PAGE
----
This is the fourth article in the series A CEO’s Guide to Long-Term Employees.

Major shifts in the working sector have gotten plenty of press in recent months. You’ve probably heard about the Great Resignation and most likely experienced some sort of virtual work yourself. 

Every company has unique constraints but now more than ever, CEOs need to consider what sort of work environment is conducive to fostering long-term employees. While there’s no one structure that fits all companies, one thing is certain: 

Employee expectations and needs have changed. And this means CEOs need to shift their preconceived notions for employment structure.

It’s time to get innovative if you want to keep your best employees for the long-haul. And you really do want to keep them, as employee satisfaction and turnover massively affect your company’s financial stability.

The great news is that getting creative with your employment structure can open the way for some amazing growth on your team and for your company.

I found this to be true when I considered taking a full-time administrative position and breaking it into two part-time roles. I had never done this before, but when the role was vacated a few years ago, I found an excellent candidate who could only commit to part-time work. I took a chance that I could find an additional candidate who would cover the other half of the role. That gamble paid off, resulting in a job sharing situation that I wouldn’t have considered otherwise.

Here’s how it came about: Zoe Minzenberger started with Officeheads in November of 2020 and quickly excelled in daily operations, project management, and assisting and supporting Jim during tax season. Bailey Minzenberger started with Officeheads in August of 2021, with a knack for management systems, internal file organization, and organizational reporting. Together, Zoe and Bailey have shaped a daily routine that provides exceptional support for our team: Zoe works in the morning, Bailey works in the afternoon, and they work together at midday to transition and relay pertinent information and urgent details.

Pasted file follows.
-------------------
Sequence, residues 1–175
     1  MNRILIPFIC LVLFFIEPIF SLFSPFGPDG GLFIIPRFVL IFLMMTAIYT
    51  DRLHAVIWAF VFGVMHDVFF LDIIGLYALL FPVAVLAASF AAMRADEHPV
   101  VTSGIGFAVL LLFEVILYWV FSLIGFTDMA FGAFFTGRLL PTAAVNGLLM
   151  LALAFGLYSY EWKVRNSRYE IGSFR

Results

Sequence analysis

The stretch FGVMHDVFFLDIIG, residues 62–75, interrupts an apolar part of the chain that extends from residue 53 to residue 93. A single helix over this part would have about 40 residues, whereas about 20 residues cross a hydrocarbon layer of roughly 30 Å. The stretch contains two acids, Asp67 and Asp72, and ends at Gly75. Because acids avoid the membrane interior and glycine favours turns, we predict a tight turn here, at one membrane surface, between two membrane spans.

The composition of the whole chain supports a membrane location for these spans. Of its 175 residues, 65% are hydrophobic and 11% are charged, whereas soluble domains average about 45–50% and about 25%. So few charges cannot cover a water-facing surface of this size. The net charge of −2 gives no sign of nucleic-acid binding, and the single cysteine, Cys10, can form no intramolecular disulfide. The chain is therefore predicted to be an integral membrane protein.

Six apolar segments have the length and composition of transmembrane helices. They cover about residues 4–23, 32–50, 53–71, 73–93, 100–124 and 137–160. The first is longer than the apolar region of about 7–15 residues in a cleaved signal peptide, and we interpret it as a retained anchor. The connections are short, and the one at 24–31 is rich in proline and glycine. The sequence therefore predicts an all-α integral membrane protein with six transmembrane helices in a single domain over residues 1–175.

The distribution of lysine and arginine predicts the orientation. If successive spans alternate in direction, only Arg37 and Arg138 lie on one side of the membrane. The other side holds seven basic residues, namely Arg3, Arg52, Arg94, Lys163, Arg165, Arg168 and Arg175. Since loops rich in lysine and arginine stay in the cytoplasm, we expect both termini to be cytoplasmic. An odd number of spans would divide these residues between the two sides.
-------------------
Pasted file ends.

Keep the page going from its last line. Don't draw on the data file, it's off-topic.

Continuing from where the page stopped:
The setup is a win for them both. “It’s helpful to have another person to lean on, work wise,” Zoe explains. Zoe appreciates having Bailey’s insight for solving problems and discussing ideas. Bailey says that job sharing in an office setting is quite similar to employees working together for any other customer service organization: “It’s similar to workers having overlapping shifts. You have to step into the workflow and ask your teammates for an update as you begin your shift.” Great communication is what makes their job sharing role work so well, and that’s enhanced because Zoe and Bailey are also siblings. Their success in job sharing is even more impressive considering Officeheads is now a virtual company. Our investment in digital tools and video communications makes it possible for them to share this role from their own distinct locations.

In addition to job sharing being a win for the Officeheads team, it’s also a win for Zoe and Bailey, who are both gifted artists with full creative lives outside of the office. Zoe is a ceramic artist and nonprofit founder (The Digs Chicago), and Bailey is a busy musician (Morinda Band, Friko, and Free Range). Job sharing provides them both with steady income and benefits so that they can keep on with their artistic pursuits. In this way, Officeheads is able to shape and support the community with beauty that is essential for us all.

Job sharing has been a fantastic addition to our employment structure, which encourages me to continue thinking of innovative solutions to our staffing needs. Shaping an environment that supports employees in their work roles as well as in their life passions makes for an even richer team experience. And that produces long-term employees who are happy, loyal, and long-lasting. If you are looking for innovative ways to grow your financial stability, our team can help! We are ready to help you make 2022 your best year yet with employees who stick around and make your company all it can be.